Tags: Constitution, Founding Fathers, Preachers
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James Evans is the pastor of First Baptist Church in Auburn, and writes a weekly column for the Montgomery Advertiser. He is more open minded than the typical pastor, and gets a lot of criticism from local readers. It is refreshing to hear a Baptist preacher admit the reality of a given situation or issue even if it conflicts with his beliefs.
This week his column is titled “The Founders Got it Right,” and he mentions the fact that our country was not founded as a Christian nation. Although, I completely disagree with all of his metaphysical beliefs, of course, if more Christians were like Evans our country would be much better off.
Here is Thomas Jefferson on Christianity:
“It is too late in the day for men of sincerity to pretend they believe in the Platonic mysticisms that three are one, and one is three; and yet that the one is not three, and the three are not one. But this constitutes the craft, the power and the profit of the priests.” — Thomas Jefferson to John Adams, 1803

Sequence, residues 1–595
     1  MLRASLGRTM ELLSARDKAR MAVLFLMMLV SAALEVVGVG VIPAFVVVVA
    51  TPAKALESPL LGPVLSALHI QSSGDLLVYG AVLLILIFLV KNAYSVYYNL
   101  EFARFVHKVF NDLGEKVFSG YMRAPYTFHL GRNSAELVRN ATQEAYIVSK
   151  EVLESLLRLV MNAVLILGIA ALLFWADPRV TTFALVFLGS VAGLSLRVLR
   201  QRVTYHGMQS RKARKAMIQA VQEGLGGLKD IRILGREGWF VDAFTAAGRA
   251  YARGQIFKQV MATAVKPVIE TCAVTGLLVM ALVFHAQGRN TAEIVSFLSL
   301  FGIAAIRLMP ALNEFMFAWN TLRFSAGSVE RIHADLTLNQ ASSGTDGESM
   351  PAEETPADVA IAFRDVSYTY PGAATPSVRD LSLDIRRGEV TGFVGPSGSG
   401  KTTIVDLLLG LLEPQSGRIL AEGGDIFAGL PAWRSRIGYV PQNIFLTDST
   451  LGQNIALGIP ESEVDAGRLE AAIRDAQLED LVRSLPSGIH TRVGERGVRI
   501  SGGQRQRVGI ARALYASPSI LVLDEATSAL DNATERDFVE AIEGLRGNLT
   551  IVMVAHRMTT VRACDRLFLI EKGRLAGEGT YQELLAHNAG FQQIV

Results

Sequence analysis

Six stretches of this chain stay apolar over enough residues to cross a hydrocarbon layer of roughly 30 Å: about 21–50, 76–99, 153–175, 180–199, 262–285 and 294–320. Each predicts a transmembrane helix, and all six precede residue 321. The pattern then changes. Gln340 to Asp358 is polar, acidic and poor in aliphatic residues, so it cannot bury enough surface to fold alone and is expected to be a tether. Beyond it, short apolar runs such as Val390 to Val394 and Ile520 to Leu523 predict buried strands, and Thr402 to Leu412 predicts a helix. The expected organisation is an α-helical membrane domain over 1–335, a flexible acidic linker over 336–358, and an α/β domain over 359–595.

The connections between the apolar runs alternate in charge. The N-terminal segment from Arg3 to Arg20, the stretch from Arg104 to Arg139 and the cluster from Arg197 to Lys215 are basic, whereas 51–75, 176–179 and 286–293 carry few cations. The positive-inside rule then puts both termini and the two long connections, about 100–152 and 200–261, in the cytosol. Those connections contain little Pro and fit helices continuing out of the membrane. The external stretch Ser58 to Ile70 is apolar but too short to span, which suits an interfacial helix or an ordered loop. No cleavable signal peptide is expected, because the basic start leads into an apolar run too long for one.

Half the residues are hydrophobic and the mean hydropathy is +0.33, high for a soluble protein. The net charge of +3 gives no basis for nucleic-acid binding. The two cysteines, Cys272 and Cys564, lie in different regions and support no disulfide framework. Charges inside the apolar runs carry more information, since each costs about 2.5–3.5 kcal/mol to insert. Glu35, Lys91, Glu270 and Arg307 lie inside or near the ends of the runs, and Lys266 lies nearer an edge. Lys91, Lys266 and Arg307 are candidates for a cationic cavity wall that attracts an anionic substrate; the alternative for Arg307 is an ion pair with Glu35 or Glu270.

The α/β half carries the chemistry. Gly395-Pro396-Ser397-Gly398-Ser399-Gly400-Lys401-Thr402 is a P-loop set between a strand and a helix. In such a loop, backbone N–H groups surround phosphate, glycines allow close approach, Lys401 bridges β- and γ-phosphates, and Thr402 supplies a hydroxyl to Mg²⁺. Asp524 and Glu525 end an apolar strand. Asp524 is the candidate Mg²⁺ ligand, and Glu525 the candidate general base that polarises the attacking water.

Creeds have been the bane of the Christian church … made of Christendom a slaughter-house.” — Thomas Jefferson to Benjamin Waterhouse, Jun. 26, 1822
Last but not least:
And the day will come, when the mystical generation of Jesus, by the Supreme Being as his father, in the womb of a virgin, will be classed with the fable of the generation of Minerva in the brain of Jupiter.” — Thomas Jefferson to John Adams, Apr. 11, 1823
James Evans: The Founders Got it Right
“For many Christians there exists a prevailing mythology that America was established as a Christian nation. They envision the founders sitting around trying to put the language of Scripture into the framework of the Constitution. But the myth, while powerful and certainly durable in the imaginations of many believers, is just that — imaginary.”